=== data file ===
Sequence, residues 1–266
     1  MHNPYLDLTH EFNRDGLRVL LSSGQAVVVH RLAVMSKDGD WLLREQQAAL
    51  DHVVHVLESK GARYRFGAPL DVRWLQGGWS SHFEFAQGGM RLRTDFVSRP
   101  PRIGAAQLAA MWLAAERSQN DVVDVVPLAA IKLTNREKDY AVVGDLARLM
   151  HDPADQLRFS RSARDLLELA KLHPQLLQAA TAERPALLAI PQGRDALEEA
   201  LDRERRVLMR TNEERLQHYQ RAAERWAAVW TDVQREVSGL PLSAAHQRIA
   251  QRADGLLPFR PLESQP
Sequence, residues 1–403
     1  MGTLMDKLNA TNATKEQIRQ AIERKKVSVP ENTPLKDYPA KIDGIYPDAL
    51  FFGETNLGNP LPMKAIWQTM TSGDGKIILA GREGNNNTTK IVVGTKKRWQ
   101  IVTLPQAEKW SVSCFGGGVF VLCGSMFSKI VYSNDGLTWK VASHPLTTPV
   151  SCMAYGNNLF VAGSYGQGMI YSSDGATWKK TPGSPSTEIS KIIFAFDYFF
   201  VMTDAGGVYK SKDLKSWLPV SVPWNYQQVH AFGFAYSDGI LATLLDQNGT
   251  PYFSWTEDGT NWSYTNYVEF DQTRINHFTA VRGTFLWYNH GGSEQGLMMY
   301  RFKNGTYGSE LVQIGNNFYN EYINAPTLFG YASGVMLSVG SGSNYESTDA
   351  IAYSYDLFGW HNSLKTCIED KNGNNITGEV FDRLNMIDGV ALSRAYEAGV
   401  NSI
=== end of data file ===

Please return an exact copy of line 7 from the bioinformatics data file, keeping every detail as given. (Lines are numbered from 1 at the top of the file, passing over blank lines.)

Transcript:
   251  QRADGLLPFR PLESQP